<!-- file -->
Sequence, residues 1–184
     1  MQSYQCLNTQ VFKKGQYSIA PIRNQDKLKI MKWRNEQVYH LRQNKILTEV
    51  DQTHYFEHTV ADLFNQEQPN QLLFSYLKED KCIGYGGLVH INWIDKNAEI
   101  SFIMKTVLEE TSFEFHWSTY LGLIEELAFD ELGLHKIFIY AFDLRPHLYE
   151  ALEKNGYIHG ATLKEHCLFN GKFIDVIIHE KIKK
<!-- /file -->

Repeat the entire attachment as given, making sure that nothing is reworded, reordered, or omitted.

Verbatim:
Sequence, residues 1–184
     1  MQSYQCLNTQ VFKKGQYSIA PIRNQDKLKI MKWRNEQVYH LRQNKILTEV
    51  DQTHYFEHTV ADLFNQEQPN QLLFSYLKED KCIGYGGLVH INWIDKNAEI
   101  SFIMKTVLEE TSFEFHWSTY LGLIEELAFD ELGLHKIFIY AFDLRPHLYE
   151  ALEKNGYIHG ATLKEHCLFN GKFIDVIIHE KIKK